ARTICLE: Research shows vagus nerve stimulation can help reduce inflammation

Of course, they are talking about implanting a device in patients with rheumatoid arthritis, but why don’t they look into tai chi and qigong doing similar stimulation and results, especially since this article talks about deep breathing, meditation, and even Read More …

If mental state influence physical conditions, where does tai chi play a role?

If mental states affect physical conditions, and researchers don’t know how it happens, then how can the cause/effect relationship be proven? As Stephen Locke, MD, states in The Healer Within (1986), “‘Knowing’ that one’s state of mind influences one’s body Read More …

Dementia research findings and my pitch for tai chi

Researchers list nine activities that can help prevent as much as 33% of the world’s current estimate of 47 million cases of dementia (expected to triple by 2050), including Alzheimer’s. Tai chi is a physical activity and mentally stimulating exercise, Read More …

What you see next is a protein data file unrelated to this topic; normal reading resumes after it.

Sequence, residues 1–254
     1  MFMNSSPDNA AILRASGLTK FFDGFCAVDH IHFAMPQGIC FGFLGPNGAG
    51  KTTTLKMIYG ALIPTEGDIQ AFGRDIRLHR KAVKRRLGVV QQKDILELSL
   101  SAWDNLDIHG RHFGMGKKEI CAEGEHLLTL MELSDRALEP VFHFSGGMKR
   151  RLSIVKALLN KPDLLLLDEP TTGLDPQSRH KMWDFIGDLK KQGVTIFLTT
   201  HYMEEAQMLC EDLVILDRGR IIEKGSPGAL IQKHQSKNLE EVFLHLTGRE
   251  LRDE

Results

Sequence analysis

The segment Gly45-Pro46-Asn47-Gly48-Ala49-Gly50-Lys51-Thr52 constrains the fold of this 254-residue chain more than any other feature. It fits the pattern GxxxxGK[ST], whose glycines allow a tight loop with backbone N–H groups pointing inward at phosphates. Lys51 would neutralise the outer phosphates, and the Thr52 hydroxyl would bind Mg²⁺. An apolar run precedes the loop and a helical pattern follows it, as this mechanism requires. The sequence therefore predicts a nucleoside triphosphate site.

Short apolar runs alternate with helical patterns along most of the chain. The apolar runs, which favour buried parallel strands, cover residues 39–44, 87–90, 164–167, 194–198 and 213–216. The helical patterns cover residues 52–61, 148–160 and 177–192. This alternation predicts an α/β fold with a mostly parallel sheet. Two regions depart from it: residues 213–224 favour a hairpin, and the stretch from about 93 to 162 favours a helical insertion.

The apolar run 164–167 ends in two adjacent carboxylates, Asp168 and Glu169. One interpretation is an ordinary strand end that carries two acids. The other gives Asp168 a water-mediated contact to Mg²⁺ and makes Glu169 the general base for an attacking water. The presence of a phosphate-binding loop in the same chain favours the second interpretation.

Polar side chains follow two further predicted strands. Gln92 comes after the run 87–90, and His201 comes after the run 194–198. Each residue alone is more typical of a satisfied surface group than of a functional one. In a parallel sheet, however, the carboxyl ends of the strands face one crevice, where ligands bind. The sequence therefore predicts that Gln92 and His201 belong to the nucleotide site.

Tai chi: a little purpose in life

Seniors who believe they have a purpose in life may sleep better, researchers say. Give yourself a little purpose by adding tai chi to your daily routine. Findings from this study doesn’t talk about tai chi, but I believe it Read More …

Article: “The Millennial Obsession With Self-Care”

from NPR.com by Christianna Silva The content of this report resonates with the growth of millennials who do tai chi. I think, however, that they are not finding tai chi as easily as I wish they would. The article stresses Read More …

Why do Tai Chi and Qigong?

Beyond the immediate physical benefits that you can experience in just one or two one-hour practices, you can find all sorts of reasons for doing tai chi and qigong, probably one for every person who practices regularly. If you do Read More …